I have been explaining this to him as we are working on the translations again (final review). I'm asking him to label each word in the sentence and see if that helps. So far it is good, although he has forgotten some of the verb tenses 😕.
                      ***Using some 5A and 8A MP materials for 2020-2021***

                      Comment


                        #12
                        Re: Second Form Latin/CC:Narrative - Suggestions on mastery

                        I just want to make sure you all know how much I appreciate your help. It has been a very difficult year but I do not want to give up on Latin nor CC.
                        ***Using some 5A and 8A MP materials for 2020-2021***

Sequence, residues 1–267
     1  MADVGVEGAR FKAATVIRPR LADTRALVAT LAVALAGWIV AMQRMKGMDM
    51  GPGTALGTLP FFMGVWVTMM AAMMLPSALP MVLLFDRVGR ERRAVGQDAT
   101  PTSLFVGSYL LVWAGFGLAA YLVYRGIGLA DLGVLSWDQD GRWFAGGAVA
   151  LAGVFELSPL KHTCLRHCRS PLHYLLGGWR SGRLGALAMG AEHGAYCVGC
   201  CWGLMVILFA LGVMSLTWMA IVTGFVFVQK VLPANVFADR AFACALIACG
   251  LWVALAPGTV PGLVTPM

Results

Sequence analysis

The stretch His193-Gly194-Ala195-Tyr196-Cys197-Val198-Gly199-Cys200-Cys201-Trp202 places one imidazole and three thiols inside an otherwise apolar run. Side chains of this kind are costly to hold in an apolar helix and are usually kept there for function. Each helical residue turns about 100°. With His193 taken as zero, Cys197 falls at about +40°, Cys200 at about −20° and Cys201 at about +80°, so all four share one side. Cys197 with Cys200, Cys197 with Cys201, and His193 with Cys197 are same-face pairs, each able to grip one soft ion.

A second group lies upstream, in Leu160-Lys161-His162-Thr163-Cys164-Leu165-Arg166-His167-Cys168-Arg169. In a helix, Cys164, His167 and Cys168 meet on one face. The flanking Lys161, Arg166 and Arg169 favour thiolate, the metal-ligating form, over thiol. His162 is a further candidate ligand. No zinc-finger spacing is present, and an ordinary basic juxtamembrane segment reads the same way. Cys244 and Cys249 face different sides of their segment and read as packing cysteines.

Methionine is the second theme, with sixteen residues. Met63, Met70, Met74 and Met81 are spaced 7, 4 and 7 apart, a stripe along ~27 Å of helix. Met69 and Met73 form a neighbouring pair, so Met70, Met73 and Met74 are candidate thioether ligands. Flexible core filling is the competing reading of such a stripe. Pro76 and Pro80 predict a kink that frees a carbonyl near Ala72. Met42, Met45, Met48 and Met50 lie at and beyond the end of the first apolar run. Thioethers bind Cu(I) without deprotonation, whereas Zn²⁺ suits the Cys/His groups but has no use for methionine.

Comment


                          #13
                          Re: Second Form Latin/CC:Narrative - Suggestions on mastery

                          Hi MG,

                          Your son is similar in age to mine, so if I may...

                          Latin. Possibly one of the reasons he hasn't segued easily into the translation work is that his brain hasn't entered the logic stage. While I don't ascribe to Dorthy Sayers' leveled development of the brain, using grammar, logic, and rhetoric the way the neo-classical crowed does (Susan Wise Bauer, etc), there is some merit in the realization that kids do move from the concrete to the ability to intuit: they move from simple fact based answers to "figuring it out".

                          Using a parallel: when he completes his Literature, how does he do on the comp questions that ask him to think deeper? I predict that you are still coaching him a bit to get to the correct conclusions.